Whatever it was, it was over, so I went back to sleep -- for about 15 minutes. The light-and-sound show woke me up again, but this time it stopped before I could get my head out of the tent.
This kept repeating about every 15 minutes or so, and each time the clanks, bumps, thumps and mumbles grew more strident. By 2:30 the mumbles had become words that were sharply punctuated by the clanks, bumps and thumps. "You little [BUMP!], get the hell [THUMP!] and let me [CLANK!] Son-of-a-[BUMP-CLANK-THUMP!]"
I must have adjusted to the noise, because the next thing I knew it was nearly daylight. My joints and muscles complained when I rolled out of my warm sleeping bag into the cold morning air. The fire warmed me up quickly, though, and the coffee was wonderful.
Wishbone joined me about 15 minutes later. He said he had slept straight through the night, and was ready to hit the trail as soon as breakfast was over.
When Indy finally staggered to the fire, he looked like something the cat dragged in and the dog tried to bury. His boots were unlaced, his eyes all puffy and bloodshot, and his expression like he’d just stepped in something unpleasant. We resuscitated him with two cups of industrial-strength coffee and lots of hot food, and he began to tell about his night.
Since his tent was so small, Indy had left his pack and most of his gear outside. Apparently, a wandering field mouse became fascinated by the shiny aluminum tent pole that was about 6 inches from Indy’s ear. Each time Indy got to sleep, he was awakened by the amplified sound of the critter's teeth chomping on it. The first several times he ran the mouse off simply by turning on his flashlight. A little later, however, the mouse absolutely fell in love with the salty taste of Indy's leather bootlaces. It got progressively bolder and harder to spook, so Indy had to resort to more aggressive means.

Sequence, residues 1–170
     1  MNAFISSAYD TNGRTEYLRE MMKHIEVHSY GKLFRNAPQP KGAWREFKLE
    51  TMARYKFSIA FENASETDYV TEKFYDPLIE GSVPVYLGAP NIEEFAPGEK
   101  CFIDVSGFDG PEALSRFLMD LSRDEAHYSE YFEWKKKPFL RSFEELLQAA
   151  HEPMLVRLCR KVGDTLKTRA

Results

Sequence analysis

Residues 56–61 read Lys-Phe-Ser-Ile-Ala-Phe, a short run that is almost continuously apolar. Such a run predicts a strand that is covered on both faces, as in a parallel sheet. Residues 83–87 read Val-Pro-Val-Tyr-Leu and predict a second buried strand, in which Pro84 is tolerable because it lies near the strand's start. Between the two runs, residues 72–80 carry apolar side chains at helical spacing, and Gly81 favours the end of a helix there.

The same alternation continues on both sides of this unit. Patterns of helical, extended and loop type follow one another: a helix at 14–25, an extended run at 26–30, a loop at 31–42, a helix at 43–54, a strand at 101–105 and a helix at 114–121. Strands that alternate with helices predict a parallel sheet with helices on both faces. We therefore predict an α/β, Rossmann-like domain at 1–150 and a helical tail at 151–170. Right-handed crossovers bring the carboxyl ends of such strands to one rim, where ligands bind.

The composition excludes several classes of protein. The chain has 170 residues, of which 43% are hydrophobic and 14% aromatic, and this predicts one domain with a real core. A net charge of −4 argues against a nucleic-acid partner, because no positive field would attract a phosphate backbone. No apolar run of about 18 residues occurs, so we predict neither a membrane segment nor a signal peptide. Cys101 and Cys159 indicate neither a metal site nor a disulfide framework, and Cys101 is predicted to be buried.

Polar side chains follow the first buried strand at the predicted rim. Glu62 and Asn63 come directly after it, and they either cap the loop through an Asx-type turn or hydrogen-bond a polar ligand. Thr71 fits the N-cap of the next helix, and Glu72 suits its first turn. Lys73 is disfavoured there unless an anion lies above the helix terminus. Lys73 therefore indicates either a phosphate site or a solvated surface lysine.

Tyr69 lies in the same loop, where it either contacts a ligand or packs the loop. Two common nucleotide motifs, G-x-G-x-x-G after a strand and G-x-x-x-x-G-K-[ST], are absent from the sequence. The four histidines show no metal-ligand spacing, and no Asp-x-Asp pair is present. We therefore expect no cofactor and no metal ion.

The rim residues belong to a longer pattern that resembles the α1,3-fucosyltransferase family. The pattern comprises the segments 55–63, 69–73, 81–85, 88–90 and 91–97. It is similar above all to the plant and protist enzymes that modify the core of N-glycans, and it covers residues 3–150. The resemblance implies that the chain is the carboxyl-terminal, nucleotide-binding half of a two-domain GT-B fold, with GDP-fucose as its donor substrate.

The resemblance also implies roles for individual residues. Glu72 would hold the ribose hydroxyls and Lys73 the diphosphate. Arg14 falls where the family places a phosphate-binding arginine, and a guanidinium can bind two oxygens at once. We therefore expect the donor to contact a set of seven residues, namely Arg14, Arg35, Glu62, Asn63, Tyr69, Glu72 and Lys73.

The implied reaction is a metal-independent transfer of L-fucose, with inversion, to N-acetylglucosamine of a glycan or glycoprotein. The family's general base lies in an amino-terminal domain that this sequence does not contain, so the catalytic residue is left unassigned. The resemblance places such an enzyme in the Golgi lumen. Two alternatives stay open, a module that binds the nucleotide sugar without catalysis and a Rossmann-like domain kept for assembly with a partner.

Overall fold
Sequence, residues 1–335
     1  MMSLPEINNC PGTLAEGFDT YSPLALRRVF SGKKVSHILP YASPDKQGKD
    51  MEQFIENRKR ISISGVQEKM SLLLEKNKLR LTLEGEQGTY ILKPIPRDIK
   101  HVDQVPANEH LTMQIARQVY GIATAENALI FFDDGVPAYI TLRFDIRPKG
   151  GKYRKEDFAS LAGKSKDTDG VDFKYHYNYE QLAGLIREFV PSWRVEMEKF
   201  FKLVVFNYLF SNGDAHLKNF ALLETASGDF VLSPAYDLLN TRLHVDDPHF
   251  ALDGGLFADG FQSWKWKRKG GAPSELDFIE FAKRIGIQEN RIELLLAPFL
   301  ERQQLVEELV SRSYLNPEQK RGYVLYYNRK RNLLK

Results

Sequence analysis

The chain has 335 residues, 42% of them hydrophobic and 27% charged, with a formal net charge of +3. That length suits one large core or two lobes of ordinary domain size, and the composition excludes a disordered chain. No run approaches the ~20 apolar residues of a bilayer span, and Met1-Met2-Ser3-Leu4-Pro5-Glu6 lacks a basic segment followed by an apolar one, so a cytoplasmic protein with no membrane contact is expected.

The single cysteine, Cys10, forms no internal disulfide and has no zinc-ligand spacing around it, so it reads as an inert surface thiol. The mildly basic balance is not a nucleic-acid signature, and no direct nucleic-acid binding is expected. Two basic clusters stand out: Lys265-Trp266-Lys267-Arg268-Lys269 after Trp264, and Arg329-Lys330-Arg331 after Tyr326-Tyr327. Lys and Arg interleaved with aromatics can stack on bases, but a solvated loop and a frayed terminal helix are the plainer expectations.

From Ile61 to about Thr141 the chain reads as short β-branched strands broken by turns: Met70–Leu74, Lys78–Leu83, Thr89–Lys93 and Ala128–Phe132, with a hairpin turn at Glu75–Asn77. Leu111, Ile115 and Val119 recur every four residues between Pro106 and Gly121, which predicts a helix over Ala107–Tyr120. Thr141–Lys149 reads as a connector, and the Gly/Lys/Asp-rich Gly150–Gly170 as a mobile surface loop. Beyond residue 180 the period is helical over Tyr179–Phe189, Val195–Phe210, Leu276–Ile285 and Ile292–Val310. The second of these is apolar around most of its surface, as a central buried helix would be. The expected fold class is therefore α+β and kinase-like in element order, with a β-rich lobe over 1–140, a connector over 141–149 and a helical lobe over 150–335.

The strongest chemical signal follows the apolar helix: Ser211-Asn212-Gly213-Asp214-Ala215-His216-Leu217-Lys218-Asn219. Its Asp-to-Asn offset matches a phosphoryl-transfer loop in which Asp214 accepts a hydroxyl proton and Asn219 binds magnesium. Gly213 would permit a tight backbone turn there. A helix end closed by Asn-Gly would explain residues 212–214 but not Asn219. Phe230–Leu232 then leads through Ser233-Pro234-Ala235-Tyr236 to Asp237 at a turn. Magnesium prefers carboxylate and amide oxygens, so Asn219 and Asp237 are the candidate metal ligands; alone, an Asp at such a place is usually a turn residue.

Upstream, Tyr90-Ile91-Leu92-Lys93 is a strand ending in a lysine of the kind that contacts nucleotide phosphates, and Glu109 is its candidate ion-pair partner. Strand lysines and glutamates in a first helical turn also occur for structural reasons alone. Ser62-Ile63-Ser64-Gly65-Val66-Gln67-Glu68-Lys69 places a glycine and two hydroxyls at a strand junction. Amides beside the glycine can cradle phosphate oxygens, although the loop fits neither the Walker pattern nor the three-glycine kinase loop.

When their midnight encounter awakened me, Indy was using his sheathed machete to chase the mouse out from under his backpack. At that point he was only trying to discourage him. However, by the 1:00 performance Indy had blood in his eye and the sheath off the machete.
Similarly frustrated, the mouse began a series of psy-ops counter-strikes. It started scampering up the fabric of the tent and then diving to safety in Indy's gear. A second tactic was born when the mouse found that it could rattle Indy's mess-kit, and his nerves, by jumping on it.
Well, you get the picture. The mouse finally knocked off and went home around 4:30, leaving Indy with a foul disposition; tattered bootlaces; dead batteries; and several dents, gouges and slashes in his stuff.
Being sympathetic souls, Wishbone and I picked up, patched up and packed up Indy's gear, replaced his mouse-bitten bootlaces, and generally kept him pointed in the right direction. By our first break his foul mood was beginning to clear, and by lunchtime he was back to normal.
That is, right up until Wishbone looked him in the eye, grinned, and said "Chomp-chomp!"